Key Tracks: "1320'," "Head Crusher," "How the Story Ends"




14. Dystopia


Megadeth's most recent album may be technically really impressive and convey a bit more enthusiasm than the handful of records before it, but aside from "The Emperor" and "Post-American World" there isn't a memorable song in earshot.  The songwriting is simply not there, nor is Dave's voice up to the task of matching the music's aggression and complexity.  I was into just about every song until his vocals came up.  Also at a certain point the whole "Everything's going to hell," conspiracy-minded right-wing subject matter feels disingenuous coming from a guy who's been rich and famous for the last thirty years - what exactly are you rebelling against at this point?  Lyrical gripes aside, if I want to hear a recent metal album that's both aggressive and bursting with technical wizardry I'll pop in Haken's Vector, not this.  5/10

Key Tracks: "The Emperor," "Dystopia," "Conquer or Die!"
 


13. United Abominations


The beginning of Dave's shrinking vocal range occurred on this 2007 comeback album of sorts.  Several of the songs on this one could've been pretty strong but are hampered by murky, uninteresting melodies due to Dave's newly misplaced ability to screech.  His low-register growl makes for really dull vocal parts and it robs the songs of their urgency.  There are a few standouts on this album though.  "Never Walk Alone" is an energetic tune where Dave actually approaches his old range, "United Abominations" is a pretty epic, well-written song with some innovative riffing and a memorable chorus (despite its frankly rancid messaging), and the remake of "A Tout le Monde," unnecessary though it may be, is a reminder of a better Megadeth era.  But I wouldn't consider any of the good songs here anywhere near the band's best work; it's telling that one of the album's standouts (its first single no less) is a remake.  5.5/10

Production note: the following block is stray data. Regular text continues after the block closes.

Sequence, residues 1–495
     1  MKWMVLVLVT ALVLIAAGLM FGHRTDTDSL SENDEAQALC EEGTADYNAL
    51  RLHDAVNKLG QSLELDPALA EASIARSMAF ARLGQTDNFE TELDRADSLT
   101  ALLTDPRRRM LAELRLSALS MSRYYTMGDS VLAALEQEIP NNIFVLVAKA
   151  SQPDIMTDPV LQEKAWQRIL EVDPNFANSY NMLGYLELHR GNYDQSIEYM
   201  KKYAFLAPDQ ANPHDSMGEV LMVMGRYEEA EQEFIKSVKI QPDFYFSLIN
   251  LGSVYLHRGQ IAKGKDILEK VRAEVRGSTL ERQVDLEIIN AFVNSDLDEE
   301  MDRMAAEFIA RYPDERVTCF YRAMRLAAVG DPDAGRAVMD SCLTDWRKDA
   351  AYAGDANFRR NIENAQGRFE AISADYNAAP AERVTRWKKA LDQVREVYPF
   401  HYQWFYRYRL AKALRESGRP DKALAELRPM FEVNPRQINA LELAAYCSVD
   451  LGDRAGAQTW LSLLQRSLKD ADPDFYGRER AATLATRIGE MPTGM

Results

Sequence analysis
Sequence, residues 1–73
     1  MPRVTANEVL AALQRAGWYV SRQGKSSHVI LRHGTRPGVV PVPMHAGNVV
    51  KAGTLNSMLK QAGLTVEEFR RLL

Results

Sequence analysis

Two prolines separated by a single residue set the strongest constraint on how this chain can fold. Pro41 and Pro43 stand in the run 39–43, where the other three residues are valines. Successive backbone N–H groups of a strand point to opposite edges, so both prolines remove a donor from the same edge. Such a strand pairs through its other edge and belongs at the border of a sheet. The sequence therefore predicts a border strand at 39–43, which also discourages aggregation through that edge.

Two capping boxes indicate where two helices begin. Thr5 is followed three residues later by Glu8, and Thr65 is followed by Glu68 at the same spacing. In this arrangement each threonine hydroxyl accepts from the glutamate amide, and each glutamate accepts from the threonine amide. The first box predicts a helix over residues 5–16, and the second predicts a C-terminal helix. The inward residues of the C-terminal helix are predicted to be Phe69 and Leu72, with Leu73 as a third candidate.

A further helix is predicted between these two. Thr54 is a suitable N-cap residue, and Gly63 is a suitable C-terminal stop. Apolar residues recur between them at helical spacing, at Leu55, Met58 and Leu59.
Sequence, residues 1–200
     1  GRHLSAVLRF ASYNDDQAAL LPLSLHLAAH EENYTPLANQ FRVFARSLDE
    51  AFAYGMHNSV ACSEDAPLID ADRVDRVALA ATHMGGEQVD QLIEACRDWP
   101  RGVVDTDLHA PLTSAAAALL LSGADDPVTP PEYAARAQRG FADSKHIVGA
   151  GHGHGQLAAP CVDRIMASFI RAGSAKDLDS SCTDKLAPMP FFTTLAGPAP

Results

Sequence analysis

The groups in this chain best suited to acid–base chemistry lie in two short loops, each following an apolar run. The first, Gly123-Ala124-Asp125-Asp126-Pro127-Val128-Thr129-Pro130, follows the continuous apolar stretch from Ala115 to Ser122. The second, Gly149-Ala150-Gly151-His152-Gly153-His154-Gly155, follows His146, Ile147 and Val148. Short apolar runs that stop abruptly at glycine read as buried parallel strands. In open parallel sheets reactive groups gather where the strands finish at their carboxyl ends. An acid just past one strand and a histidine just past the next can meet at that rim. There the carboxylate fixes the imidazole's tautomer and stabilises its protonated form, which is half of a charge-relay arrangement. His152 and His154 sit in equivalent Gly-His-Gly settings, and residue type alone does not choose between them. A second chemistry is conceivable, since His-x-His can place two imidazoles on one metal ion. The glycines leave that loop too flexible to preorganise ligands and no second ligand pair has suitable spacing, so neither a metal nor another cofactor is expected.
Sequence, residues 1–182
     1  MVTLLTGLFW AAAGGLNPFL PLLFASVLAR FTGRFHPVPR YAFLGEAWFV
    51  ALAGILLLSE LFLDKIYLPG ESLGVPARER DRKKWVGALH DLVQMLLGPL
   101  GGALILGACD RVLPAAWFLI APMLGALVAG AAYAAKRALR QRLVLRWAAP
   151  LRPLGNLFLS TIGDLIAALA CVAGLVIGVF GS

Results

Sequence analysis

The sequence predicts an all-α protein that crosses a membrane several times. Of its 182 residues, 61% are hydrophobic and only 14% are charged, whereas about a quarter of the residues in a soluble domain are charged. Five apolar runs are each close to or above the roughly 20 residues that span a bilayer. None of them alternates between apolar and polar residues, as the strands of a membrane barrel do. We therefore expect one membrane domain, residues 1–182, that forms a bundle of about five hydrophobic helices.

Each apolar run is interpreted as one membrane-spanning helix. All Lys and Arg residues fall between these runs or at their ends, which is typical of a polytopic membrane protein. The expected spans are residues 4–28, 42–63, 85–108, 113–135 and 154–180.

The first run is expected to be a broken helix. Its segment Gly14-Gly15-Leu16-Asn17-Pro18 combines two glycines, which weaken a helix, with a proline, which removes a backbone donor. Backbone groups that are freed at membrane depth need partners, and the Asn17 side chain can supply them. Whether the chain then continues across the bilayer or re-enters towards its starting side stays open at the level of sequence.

Key Tracks: "Never Walk Alone," "United Abominations," "A Tout le Monde (Set Me Free)"




12. Th1rt3en